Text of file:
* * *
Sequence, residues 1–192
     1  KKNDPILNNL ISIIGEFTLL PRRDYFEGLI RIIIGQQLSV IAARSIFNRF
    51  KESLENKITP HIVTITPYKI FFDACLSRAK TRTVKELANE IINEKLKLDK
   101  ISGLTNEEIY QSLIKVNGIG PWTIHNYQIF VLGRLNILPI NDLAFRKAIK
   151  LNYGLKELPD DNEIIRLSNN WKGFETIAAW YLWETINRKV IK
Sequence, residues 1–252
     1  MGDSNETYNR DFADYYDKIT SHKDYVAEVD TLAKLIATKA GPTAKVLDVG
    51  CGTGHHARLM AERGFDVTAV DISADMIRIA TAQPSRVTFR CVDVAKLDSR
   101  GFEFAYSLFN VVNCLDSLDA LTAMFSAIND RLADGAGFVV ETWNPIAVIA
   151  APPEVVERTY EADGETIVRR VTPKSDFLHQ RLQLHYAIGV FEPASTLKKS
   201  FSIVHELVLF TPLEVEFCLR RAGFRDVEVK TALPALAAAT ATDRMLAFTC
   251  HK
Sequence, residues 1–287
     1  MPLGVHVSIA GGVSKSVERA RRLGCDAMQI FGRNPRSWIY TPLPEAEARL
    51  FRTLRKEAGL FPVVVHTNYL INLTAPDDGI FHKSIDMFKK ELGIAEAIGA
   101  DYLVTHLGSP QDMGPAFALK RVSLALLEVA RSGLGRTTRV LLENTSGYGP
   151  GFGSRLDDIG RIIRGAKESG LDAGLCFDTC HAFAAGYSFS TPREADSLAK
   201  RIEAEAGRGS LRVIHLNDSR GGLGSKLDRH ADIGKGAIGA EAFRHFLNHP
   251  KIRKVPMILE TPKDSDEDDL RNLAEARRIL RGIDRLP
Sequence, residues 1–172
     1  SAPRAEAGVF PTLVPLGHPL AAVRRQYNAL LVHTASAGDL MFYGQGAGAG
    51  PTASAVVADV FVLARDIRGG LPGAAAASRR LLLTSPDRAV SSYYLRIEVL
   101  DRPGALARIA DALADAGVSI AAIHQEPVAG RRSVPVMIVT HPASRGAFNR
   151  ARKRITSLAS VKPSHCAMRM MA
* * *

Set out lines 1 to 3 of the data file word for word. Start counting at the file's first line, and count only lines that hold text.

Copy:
Sequence, residues 1–192
     1  KKNDPILNNL ISIIGEFTLL PRRDYFEGLI RIIIGQQLSV IAARSIFNRF
    51  KESLENKITP HIVTITPYKI FFDACLSRAK TRTVKELANE IINEKLKLDK